by James Bradley Clarke
The Bifrost Bridge is a Viking princess fairy tale intertwined with Norse mythology. Silya, the feisty ten year old Princess of Norway, eagerly awaits the arrival of her cousin and best friend, Princess Hedda of Denmark. The princesses are both looking forward to the summer solstice celebration, but trouble lurks in their future as magical villains see the girls as being vital for their deadly conspiracy. Hedda and Silya find themselves cast into a dangerous adventure filled with fire giants, female warrior angels and the God of Thunder. Can the princesses save themselves and their kingdoms, or will the forces of chaos overwhelm and destroy them? Age Range: 8 – 12 years
I received this book from the author in exchange for an honest and fair review.
Let me start out by saying I can not wait for my 4 year old daughter to read this when she is older. It is a wonderful tale of adventure and strong female characters.
Hedda and Silya are taken on an unexpected adventure that tests their courage and strength. I felt transported to a world where mythology comes to life. The little girl in me loved the woman heroine aspect and lets face it who doesn’t love Norse Mythology. It is a wonderfully written story and there is a rich depth of characters. Besides the princesses you have the gods of Asgard, Trolls, Loki, The King and Queen and lets not forget the guards. The head guard Hermod plays a important role (sorry you have to read it to find out more). My imagination was taken over with the story and the illustrations helped to fuel the fire. This is a must read. It is a perfect book for mother and daughter to share.
G- A truly pure fairytale
About the Author:
James Bradley Clarke is a graduate of Hiram College, The University of Houston, and the University of Michigan. He currently resides in Oxford, Ohio, where he works as an academic librarian for Miami University. He grew up near Ann Arbor, Michigan, and he has spent most of his life in the Great Lakes region.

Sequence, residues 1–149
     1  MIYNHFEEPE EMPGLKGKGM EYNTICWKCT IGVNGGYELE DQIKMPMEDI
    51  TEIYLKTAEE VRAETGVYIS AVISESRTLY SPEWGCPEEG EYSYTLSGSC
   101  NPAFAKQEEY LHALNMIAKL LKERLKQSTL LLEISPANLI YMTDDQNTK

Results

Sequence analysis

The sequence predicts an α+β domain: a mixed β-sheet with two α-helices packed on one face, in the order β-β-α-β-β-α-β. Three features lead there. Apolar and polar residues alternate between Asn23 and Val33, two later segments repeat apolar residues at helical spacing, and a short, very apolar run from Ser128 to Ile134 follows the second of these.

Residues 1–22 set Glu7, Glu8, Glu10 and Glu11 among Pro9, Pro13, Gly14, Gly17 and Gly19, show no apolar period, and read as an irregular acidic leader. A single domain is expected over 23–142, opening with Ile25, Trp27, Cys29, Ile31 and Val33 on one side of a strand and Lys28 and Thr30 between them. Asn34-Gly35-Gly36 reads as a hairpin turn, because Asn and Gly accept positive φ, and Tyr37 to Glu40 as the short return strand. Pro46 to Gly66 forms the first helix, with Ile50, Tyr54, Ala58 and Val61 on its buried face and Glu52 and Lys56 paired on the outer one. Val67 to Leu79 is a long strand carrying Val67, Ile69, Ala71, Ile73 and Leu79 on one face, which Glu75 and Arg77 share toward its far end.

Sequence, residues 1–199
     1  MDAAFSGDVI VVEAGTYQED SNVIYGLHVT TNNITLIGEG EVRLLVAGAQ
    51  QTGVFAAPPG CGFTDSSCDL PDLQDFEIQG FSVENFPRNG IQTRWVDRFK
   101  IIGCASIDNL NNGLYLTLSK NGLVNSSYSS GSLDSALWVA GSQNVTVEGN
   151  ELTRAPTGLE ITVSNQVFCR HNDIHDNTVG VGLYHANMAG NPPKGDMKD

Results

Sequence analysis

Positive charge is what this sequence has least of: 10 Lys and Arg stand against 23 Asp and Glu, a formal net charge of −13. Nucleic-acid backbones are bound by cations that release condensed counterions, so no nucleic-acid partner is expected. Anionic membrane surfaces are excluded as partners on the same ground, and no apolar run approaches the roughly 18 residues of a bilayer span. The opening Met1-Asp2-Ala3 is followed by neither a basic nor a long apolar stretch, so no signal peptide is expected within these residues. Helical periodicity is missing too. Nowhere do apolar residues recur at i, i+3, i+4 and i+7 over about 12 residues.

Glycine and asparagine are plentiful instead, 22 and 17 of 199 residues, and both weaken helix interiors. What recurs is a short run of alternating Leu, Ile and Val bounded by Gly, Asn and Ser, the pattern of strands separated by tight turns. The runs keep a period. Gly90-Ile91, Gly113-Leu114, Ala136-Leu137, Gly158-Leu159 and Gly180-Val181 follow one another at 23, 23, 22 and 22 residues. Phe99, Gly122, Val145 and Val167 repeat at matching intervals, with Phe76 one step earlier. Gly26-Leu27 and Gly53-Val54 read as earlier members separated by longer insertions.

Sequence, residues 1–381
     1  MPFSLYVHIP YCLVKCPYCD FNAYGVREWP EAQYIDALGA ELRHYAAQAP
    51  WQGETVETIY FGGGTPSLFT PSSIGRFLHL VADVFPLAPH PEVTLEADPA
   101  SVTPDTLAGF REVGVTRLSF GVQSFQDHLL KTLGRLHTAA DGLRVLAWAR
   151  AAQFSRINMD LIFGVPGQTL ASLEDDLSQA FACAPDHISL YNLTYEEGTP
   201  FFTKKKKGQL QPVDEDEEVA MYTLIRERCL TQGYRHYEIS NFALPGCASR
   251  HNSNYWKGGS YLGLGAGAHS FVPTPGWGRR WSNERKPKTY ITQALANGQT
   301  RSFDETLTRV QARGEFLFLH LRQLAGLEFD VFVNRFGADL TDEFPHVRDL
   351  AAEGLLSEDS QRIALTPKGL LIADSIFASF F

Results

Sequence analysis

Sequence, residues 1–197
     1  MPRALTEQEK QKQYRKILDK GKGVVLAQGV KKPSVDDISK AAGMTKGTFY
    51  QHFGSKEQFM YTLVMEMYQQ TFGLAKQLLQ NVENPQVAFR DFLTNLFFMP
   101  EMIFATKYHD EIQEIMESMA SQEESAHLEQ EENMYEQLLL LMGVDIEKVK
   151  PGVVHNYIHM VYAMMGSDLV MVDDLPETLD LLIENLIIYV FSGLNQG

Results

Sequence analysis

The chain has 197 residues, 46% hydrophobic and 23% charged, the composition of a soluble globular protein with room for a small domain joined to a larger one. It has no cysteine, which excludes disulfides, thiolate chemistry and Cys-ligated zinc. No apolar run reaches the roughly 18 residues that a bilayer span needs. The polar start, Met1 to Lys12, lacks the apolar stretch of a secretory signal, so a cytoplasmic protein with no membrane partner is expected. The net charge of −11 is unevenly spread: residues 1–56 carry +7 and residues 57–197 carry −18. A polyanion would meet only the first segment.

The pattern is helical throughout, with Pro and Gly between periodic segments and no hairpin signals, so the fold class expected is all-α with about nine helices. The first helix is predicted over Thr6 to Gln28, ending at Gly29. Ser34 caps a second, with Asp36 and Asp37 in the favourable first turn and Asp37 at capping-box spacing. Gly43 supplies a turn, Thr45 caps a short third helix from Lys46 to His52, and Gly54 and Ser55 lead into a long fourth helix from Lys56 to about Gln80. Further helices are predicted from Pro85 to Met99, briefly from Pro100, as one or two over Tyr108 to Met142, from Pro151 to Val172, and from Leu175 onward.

The Bifrost Bridge is Clarke’s first work of fiction. The children’s book was first developed as stories Clarke started telling to his two daughters back in the summer of 2003. Both girls shared a love for classic princess fairy tales, so he invented original princess characters for both of them. As residents in Riverside, Illinois, Clarke’s family lived in walking distance of the Brookfield Zoo where the girls regularly admired the Norwegian fjord horses. When he learned this ancient breed of horse was used by the Vikings, a specific medieval setting for the stories came into focus.
As a Hiram College student, Clarke had developed a love for the epic poems of Homer and Virgil, so he chose to borrow from mythology to provide magical elements. The girls became instantly enamored with these stories and they insisted on developing new adventures for the two Nordic princess characters. The first draft of a manuscript was produced during the summer of 2005. Clarke’s daughters were delighted with the bound copy they received as a Christmas gift later that year, so he began the process of becoming an author. Clarke has a love for history and a taste for plot driven stories about extraordinary individualism. Themes of fortitude and self-determination lay at the heart of Clarke’s writing interests.